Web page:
Tuesday, August 4, 2015

X-Tinction Agenda #2 (HERE BE SPOILERS!)

While this issue appears to be a pretty straight-forward action sequence, focusing on the Genoshans' attack on X-City, Guggenheim actually raises all sorts of larger questions in it.

First, Hank continues to be an enigmatic character and a number of this series' mysteries relate to him.  For example, it's still not clear if he was correct in asserting that Triage wasn't going to be able to cure the Extinction Virus.  If he wasn't, it raises the question if he was intentionally lying to Rachel and, if he was, why he was would do so.  Moreover, Guggenheim makes it clear that he's not all that reliable.  This Hank also brought back people from the dead to inspire the current crop of mutants; this time, it's Banshee, Thunderbird, and Wolverine, shortly after their victory over Krakoa.  This revelation sparked two addition questions for me.  First, why did Hank think morale on X-Topia was low?  After all, it's presented as a Utopia.  Second, does time travel still work on Battleworld?  It's one thing for Doom to have pulled in alternate realities that extend previous storylines.  But, Hank would've had to reach back into the history of the "X-Tinction Agenda" storyline to pluck James, Logan, and Sean from the past.  How does that work?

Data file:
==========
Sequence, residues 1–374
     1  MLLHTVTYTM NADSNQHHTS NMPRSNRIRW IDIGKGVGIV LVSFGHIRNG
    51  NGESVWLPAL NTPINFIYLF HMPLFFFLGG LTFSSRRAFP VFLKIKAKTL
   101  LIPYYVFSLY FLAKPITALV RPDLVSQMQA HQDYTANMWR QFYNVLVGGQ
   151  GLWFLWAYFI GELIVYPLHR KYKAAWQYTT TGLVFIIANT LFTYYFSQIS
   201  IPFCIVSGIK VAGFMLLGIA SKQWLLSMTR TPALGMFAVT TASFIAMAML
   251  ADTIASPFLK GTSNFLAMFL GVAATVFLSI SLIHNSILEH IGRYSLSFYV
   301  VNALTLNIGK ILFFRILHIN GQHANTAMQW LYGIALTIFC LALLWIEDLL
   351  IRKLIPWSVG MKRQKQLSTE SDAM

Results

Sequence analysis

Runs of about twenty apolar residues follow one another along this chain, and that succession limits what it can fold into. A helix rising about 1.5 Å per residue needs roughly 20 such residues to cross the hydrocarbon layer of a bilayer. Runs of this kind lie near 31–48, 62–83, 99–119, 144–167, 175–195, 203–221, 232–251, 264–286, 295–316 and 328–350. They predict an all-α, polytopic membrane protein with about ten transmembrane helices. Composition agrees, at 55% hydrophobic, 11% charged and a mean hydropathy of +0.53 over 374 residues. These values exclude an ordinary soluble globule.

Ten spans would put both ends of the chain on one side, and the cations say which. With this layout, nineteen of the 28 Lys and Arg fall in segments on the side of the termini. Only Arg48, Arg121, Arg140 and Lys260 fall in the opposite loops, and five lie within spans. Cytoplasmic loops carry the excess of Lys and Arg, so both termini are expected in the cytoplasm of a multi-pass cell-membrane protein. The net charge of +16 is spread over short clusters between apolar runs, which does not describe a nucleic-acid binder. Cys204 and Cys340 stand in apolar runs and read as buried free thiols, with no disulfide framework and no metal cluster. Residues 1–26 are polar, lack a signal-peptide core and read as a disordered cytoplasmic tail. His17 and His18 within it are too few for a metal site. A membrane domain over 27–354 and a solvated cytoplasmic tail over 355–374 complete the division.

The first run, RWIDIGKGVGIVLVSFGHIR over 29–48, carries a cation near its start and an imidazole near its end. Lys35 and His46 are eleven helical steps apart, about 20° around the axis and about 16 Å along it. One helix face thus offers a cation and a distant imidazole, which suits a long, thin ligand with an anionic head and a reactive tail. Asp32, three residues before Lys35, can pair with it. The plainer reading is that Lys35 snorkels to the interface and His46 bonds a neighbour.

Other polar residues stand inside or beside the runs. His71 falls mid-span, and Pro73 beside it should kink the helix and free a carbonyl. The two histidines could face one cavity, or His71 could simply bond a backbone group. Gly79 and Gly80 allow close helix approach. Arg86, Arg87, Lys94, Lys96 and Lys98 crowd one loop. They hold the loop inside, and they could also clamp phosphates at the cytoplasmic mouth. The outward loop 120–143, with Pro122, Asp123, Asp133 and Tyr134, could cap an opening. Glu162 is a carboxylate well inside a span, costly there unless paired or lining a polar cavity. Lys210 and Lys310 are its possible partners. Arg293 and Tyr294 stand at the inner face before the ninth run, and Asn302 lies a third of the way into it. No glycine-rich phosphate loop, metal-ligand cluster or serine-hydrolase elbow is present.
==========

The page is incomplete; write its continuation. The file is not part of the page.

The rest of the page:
Second, we learn that the Genegineer had the Genoshans rescue Triage so that he could use his healing powers not on the mutates (possibly supporting Hank's position that they won't work) but on Cameron Hodge.  I get the dastardly nature of that plot, but it raises the obvious question of how the Genegineer gained Havoc and Wolfsbane's trust if he's still loyal to Hodge.  I mean, clearly he isn't saying that he's loyal to him, but aren't they suspicious of him from the start?

But, the mysteries aren't the only part of the series.  As I said, this issue also has an extended action sequence, and it's really amazing.  I expect to see more in the future from Di Giandomenico.  He really does a great job keeping a lot of different characters distinct on the battlefield.  Similarly, Guggenheim manages to get across the conflicting emotions of all the major players, particularly Rachel, as they go to war with old friends.

In other words, it's another strong "Secret Wars" story, and I have to admit to my amazement that Marvel really seems to be making it work as well as it is.

*** (three of five stars)

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